Alcohol is an influential substance in society, and its use dates back thousands of years. The earliest traces of alcohol use are from  between 7000 and 6600 BC in China. In ancient India, between 3000 and 2000 BC, alcoholic beverages were called “sura.” In the 16th century, alcohol was used medicinally in Great Britain, and by the 18th century, gin consumption had become widespread. Since then, alcohol has become commonplace, and despite its potential for harm, society still ritualizes its use. 

Statistics from the National Institute of Alcohol Abuse and Alcoholism in 2019 revealed that 86% of people in the United States aged 18 and over have consumed alcohol at some point in life. Twenty-six percent of people 18 and over engaged in monthly binge drinking. Moreover, a total of 14.5 million people had an alcohol use disorder that year. Since then, national consumption has increased, and the Covid-19 pandemic saw a major boom in alcohol sales

Alcoholism is a serious illness that ruins lives, yet experiencing alcohol cravings today is almost considered normal. If you’re experiencing alcohol cravings, this may indicate that you’re developing an addiction. In this article, we’ll discuss what alcohol cravings feel like, what causes alcohol cravings and how to beat the urge to drink alcohol. 

What Do Alcohol Cravings Feel Like?

Alcohol cravings are strong urges to drink, and they can be triggered by internal or external circumstances. For example, if you’re feeling down, you may decide having a drink will help. You may also crave it as a way to escape feeling bad. Being around other people who are drinking might also trigger alcohol cravings.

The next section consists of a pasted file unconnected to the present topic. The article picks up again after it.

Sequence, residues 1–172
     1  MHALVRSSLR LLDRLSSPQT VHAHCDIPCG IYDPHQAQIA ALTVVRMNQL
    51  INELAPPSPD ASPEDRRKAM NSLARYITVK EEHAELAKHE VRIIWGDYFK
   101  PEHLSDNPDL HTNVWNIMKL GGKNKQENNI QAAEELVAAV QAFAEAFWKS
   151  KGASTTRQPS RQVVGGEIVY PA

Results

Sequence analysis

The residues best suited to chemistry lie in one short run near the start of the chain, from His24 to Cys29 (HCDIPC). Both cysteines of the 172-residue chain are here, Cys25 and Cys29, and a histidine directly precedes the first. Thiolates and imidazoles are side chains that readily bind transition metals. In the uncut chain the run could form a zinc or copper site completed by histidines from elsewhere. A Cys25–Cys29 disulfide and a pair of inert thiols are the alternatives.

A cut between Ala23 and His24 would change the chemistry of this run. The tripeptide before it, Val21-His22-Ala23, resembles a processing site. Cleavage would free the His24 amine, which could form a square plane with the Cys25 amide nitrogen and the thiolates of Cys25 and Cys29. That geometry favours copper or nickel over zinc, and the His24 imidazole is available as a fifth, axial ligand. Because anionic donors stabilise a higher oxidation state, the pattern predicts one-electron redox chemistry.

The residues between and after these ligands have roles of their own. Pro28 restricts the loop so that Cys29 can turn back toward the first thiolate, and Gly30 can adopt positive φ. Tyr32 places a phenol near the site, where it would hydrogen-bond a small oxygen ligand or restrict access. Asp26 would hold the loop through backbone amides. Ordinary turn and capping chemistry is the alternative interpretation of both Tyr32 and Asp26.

Alcohol cravings can be very intense, and people who experience them may feel unable to control their urges. They may experience a strong need to drink, even if they’re not thirsty. The thought of alcohol may become all-consuming and they might find it difficult to think about anything else. Craving alcohol can also cause physical symptoms, such as a racing heart or increased anxiety.

Some people may feel like they’re experiencing withdrawal symptoms, such as shaking or sweating. They may have extreme discomfort and restlessness. Alcohol cravings can be difficult to resist, but there are ways to manage them. If you’re struggling with alcohol cravings, it’s important to seek professional help. Many resources are available to assist you in overcoming your urges and staying on the path to recovery.

Because alcohol cravings can be so intense and difficult to resist, alcohol addicts in recovery often descend into relapse. That’s why getting help and learning proper coping strategies is paramount to successful recovery. 

Cravings vs. Withdrawal Symptoms

Alcohol cravings are often misconstrued as alcohol withdrawal symptoms. This might be because they often go hand in hand. When somebody who’s heavily addicted to alcohol experiences withdrawal, it often manifests in the form of cravings. The key difference is that alcohol cravings can occur anytime, even if you haven’t had a drink for a whole year. Withdrawal symptoms, on the other hand, can last up to one week after having your last drink.